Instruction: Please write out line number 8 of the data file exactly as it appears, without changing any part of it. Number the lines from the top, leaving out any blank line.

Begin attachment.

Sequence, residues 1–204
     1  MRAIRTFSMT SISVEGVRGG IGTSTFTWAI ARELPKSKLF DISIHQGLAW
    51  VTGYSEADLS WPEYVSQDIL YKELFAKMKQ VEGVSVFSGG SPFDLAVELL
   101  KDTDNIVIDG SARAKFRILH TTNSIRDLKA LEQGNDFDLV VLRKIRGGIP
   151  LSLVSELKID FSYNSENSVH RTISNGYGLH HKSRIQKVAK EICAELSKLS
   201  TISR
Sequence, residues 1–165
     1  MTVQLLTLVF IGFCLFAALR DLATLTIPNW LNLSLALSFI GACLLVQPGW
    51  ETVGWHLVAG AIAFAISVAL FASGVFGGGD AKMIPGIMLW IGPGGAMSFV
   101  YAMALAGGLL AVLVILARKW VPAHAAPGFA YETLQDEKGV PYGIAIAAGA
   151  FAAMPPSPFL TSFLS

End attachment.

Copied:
     1  MTVQLLTLVF IGFCLFAALR DLATLTIPNW LNLSLALSFI GACLLVQPGW